Monday, September 28, 2015

If rhetoric is wrong, I don't wanna be right

When I say I've studied rhetoric, I'm frequently asked this question:

What is rhetoric?

Which is a fair question. In fact, it is the yardstick of fair questions - it's straight to the point, no beating around the bush, no hidden assumptions. Especially since I've just claimed something, and am ever so directly being asked to clarify this claim.

Answers to this question differ.

When I'm in memetic mode, I answer along the lines of this here enormous picture you've no doubt seen long before you actually got to reading this part. It's point and click, basically - you point at something, say something related to it, then point at another thing, say something related to that, and so on.

I rarely use this answer, though, since the notion that such things as "truth" and "justice" and "a proper taste in culture" are pointable is hard to convey in everyday settings. Which is the opposite of effective, given the everyday setting I've recently pointed at. Thus, another answer is called upon:

Rhetoric is the art of making things up.

This is both easy to understand, and fun to demonstrate. It's easy to understand since it's what most people already think anyway, and thus comes as no surprise. It's fun to demonstrate, because it's true: as a rhetor, you are good at making things up. And since the most recent pointage happened to be at this very fact, you now have a proper and sufficient kairos to simply make anything up. Anything at all.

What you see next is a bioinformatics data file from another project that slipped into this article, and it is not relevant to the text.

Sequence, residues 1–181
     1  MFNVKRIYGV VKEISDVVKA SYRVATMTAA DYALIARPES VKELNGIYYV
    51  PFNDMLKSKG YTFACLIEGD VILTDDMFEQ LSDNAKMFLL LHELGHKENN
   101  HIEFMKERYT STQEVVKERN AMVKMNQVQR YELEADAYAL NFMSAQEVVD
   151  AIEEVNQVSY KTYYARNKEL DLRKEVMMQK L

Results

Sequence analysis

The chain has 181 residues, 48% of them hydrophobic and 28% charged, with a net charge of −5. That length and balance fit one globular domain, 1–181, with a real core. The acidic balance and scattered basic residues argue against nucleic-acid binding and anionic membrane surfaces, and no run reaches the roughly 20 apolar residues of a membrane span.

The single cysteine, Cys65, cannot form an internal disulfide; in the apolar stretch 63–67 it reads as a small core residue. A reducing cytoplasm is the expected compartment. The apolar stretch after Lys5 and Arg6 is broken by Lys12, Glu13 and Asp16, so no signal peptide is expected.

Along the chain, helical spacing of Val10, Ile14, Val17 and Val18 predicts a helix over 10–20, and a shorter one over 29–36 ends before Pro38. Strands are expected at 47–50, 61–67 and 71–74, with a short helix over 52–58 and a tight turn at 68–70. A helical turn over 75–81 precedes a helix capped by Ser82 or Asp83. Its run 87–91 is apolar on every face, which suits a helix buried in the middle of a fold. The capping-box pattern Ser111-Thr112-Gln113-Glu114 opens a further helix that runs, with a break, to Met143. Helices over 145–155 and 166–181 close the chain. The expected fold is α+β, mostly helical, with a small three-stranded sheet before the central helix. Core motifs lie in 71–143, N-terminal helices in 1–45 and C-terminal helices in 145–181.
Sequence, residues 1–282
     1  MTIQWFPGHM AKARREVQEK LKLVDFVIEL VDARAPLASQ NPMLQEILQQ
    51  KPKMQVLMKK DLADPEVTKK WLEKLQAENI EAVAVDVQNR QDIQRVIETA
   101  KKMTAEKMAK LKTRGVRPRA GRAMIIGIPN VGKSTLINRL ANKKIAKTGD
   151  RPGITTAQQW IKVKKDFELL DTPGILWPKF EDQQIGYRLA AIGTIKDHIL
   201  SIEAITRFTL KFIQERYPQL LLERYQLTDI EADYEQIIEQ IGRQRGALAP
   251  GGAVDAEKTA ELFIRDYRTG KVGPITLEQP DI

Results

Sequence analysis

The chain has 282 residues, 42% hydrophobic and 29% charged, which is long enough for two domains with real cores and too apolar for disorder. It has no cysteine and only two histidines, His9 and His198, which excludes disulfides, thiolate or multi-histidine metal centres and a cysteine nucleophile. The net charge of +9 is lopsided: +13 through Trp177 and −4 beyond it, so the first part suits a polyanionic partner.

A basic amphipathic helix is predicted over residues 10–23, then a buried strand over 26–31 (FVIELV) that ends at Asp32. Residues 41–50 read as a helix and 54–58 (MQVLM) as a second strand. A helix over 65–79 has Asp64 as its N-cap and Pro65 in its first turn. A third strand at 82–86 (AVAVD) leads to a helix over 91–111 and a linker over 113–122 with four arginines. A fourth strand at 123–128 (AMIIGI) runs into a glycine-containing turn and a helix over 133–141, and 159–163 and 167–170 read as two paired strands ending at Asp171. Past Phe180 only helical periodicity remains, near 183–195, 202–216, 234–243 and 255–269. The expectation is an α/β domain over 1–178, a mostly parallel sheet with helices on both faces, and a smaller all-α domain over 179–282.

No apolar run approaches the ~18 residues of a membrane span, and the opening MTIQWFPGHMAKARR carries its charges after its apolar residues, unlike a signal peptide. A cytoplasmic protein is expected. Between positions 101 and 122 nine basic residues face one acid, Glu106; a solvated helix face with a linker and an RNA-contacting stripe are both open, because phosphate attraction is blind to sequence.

Even if these things are totally wrong. Especially if they are totally wrong.

Some think rhetoric is all about finding the proper thing to say. This is true to a point. In the process of finding this right thing, you have to discard many improper things. And most of these things are unexpectedly funny, seeing as they are both improper and wrong.

This, too, builds on preexisting doxa: most people have an intuitive sense of propriety and genre, and know what to expect from people in general. Public officials speak a certain way, doctors another, presidents a third, and so on. This is known. Thus, it can be worked with. Like, say, pointing out that it would be funny if Obama began a speech with the immortal words:

Dear fellow anime lovers of America!

This gives ample opportunity to goof around, and to get to the point: that your rhetorical superpowers consist mostly of making things up until you find something that sticks. Most of these things will never see the light of day, but those that do will be better because you've seen how much worse they could be. There is gold in them hills, among all the mud and lost irrelevant relics and animes.

It's all about making things up. And it's all about speeding up the process in such a way that it can be done on the fly.

...and about making sure you don't make too much an ass out of yourself whilst doing it.

Most of the time, it works. Then you fall in love, and all bets, definitions and pointers are off. -

Saturday, September 19, 2015

The Tendency